On a happier note, today was full of brilliant sun light, temps in the 20's, but very windy. I really didn't mind too much as it was my first day outdoors since Christmas.

Enjoy the rest of the day.

HeartRx said...

Bill G. @ 2:43, I'm in the same boat. Sitting here with a box of kleenex and cup of hot tea with a twist of lemon. Ugh!! Maybe I should try Tin's recipe and add some scotch...

Yellowrocks said...

Irish Miss, I am so sorry that your healing is going more slowly than expected. I hope this new treatment speeds it up. Are you on crutches? Are you in pain?

I had my MRI today, into the machine head first. I didn't mind the machine at all, but having my shoulder immobilized for that 20 minutes hurt like the blazes. Results are due tomorrow.

Meryl Streep is no fan of Disney.
Link Streep

I loved reading many of Maeve's novels and intend to read the rest.

Dennis, I hope your signs of blood disappear. My son has that occasionally and it clears up quickly.

Anonymous said...

Got the puzzle filled in correctly but still not sure of the eight cutting corners answers. So I got it, but like in the Mel Brooks movie High Anxiety I think it was, I don't got it.

CrossEyedDave said...

I worked on this puzzle all morning, (on & off) & wound up with a FIWWH. (Finished it wrong with help, not an easy thing to do... explanation to follow:)

A real tough slog for me, but I had lollygags, & loiters. (yes, I know, it turned out to be lingers. Peter A. Collins,,, you are a worthy opponent.) So when "cutting corners" appeared, I was sure I was looking for 6 more easy way out (or malingerers) names.

I ended up Googling "gomez." (help#1) & when I went to Google 2013 US Open Winner, (help#2) I found out I had a choice between Golf, & Tennis!

(Peter A. Collins,,, yes, I will remember that name....)

Anyway, bit by bit, piece by piece, square by square, it started to come together. I was finally starting to comprehend that 51A was spaghetti while I was eating lunch. I was nursing a finger that I sliced on a new Mandolin, (works great for slicing tomatoes, onions,,, romaine lettuce, not so much...) when, for some reason, it dawned on me about the cutting corners... (excuse me, I have to go change my band-aid...)

Ok, I'm back. Where was I?
Oh yes,, 43A, The down was an incomprehensible name, so I wagged "Pet" instead of "Vet."


I am still kicking myself....

You win Mr. Collins!

(& thank you for the challenge.)

Manac said...

Evening All,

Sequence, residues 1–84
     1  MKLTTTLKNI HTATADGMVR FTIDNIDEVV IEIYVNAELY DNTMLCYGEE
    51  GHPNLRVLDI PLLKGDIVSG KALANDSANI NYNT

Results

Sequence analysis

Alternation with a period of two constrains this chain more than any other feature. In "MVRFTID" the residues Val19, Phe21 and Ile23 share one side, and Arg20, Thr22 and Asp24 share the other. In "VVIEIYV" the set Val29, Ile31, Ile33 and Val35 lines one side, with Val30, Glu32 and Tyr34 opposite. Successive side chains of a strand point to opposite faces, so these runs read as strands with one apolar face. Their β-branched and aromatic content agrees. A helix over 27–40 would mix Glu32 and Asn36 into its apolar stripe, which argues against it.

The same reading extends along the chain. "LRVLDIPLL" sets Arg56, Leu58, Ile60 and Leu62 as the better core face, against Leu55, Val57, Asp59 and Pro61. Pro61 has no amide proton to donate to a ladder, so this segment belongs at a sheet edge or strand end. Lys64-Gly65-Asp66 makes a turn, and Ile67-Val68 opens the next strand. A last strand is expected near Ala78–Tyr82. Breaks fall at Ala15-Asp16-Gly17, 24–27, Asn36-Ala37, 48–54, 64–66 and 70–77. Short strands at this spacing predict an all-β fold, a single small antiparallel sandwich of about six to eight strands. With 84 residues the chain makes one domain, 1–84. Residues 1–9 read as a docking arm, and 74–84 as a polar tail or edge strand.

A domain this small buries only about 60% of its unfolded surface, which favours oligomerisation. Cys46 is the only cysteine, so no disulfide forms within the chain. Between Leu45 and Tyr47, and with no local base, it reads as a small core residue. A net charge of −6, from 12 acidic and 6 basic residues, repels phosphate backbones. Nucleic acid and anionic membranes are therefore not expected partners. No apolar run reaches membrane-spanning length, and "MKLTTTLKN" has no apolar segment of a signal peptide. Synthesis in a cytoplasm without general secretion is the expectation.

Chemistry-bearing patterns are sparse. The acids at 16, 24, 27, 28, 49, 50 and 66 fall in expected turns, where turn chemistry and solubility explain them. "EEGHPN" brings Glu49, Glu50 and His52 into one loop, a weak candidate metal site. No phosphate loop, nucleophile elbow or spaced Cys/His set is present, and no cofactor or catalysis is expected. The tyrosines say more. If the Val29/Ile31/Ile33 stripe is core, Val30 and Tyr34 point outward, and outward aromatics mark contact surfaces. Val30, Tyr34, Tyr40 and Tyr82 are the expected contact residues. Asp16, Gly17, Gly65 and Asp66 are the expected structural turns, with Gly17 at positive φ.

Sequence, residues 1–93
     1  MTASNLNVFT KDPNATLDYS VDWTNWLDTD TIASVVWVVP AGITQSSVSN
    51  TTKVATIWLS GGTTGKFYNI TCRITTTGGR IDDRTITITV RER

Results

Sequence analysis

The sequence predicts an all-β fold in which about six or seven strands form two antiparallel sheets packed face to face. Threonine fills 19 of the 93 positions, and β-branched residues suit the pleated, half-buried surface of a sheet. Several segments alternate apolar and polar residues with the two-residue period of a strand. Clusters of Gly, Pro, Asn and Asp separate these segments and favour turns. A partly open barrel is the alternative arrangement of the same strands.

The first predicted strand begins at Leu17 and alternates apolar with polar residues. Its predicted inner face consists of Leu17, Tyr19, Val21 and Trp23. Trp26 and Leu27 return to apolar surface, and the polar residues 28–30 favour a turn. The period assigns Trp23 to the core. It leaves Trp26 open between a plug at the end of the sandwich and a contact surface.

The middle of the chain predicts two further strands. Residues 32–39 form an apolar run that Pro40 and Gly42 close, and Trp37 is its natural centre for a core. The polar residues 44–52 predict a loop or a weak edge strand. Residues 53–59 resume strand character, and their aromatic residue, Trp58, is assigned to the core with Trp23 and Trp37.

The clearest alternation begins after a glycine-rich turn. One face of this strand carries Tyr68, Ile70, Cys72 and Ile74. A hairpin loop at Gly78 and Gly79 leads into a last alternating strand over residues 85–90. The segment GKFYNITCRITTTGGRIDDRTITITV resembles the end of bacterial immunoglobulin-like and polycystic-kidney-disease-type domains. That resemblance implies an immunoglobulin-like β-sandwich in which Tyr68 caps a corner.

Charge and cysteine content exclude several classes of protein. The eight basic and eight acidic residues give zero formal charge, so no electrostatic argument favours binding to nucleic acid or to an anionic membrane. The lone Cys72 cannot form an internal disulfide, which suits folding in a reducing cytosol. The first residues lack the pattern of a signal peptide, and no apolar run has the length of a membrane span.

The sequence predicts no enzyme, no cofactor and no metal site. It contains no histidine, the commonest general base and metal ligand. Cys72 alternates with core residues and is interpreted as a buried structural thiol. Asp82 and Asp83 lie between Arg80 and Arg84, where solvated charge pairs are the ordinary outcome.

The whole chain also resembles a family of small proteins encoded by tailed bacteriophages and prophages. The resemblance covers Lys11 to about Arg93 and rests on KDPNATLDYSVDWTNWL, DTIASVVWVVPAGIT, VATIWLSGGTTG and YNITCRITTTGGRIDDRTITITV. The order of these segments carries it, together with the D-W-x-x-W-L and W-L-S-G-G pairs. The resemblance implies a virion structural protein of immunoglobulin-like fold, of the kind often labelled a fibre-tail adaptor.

This one went rather quickly except for the names of course.
Jazzbumpa beat me to the Lollygag link.

CED, Gonna be in Jersey end of the month... Hide the cat ( Road Trip:-)

Just curious as to how much that broken pipe cost you. I just spent 2 1/2 days finding and fixing 6 leaks at my SIL's house and replacing malfunctioning boiler parts.
Parts - $500

Labor- $ 0

I think I'm doing something wrong :)

Jayce said...

Hello everybody. A quick note to wish you all well. I thought all the puzzles this week were excellent and fun to solve. They had two of the characteristics I like: fun cluing and cool long words. What could be as much fun as LOLLYGAG? (Well, plenty of things, but you get the idea.) Bye for now.

Ol' Man Keith said...

Reasonably tough today. But nothing to cry over. Persistence paid off, as it ought. Some of the words were pleasant in themselves -- LOLLYGAG, for instance (is that from the Hindi?), and ANORAKS.
Some yielded right away, not because my frontal lobe knew the answers but because my unprocessed memory did. TIMOTHY grass is one I got instantly, w/o perps, but I have no awareness of what it is or how I came to know it.

Nice to see MAEVE here. I read one of her books--"The Glass Lake"--and enjoyed it although it had the feeling of chick-lit. I guess I am open to a little soap opera. Sad to note that Maeve Binchey died just a year ago; I didn't know, and I was sorry to read it. She had a lovely style and a matronly Sweet Face.

Jayce said...

Keith Fowler, I have to say you have magnificent frontal lobes. Nice facial hair, too.

Anonymous said...

The opposite of "wets" is "drys" the prohibitionists. They may or not be tee-totalers."

Argyle said...

Dry's could be bootleggers; they were getting rich due to prohibition.

Ol' Man Keith said...

Thank you! I take the compliment on my facial hair from one who knows his facial hair!
~ Kf

Anonymous said...

Mr. Fowler, in your avatar you resemble the Wizard of Oz!

Anonymous T said...

Hi All!

Dudley, you're right. I confused my cool-D's. Glad you've got another Red Dwarf to hunt down. And Dennis, the God Speed was for you (as well (sorry Bill G) as our broken and sick vFriends).

My paper had 2014 at 14a too. I thought "what city won the bid?" like the Olympics. I follow neither golf nor tennis nor the Olympics nor... If it ain't baseball, I don't care.

While LOLLYGAGging at work, I'd fill squares here and there. Not that I had plenty of time to LINGER on Mr. Collins' puzzle, but eventually I took a SLICE of time and ONCE the theme fell, things went swimmingly (another throwback like swell YR - I love these words just for giggles).

Eventually I had a 1 square DNF. The NADA? (14a) and E?IDE (5d) would not accept any of our 26 available letters with meaning (to me). Thanks Marti for finsishing things off.

GOMEZ was easy - not only is she splashed on seemingly every Disney Channel show, I took the kids to see her at the Houston Rodeo a few years back.

IM, I'm sorry to hear that you're not healing quickly.

Well tomorrow is Friday, so the TOXIC snark will be dropping in. Argyle will be on his TOES!

Cheers, -T

Anonymous T said...

And the night-time commics strike again... SNIP.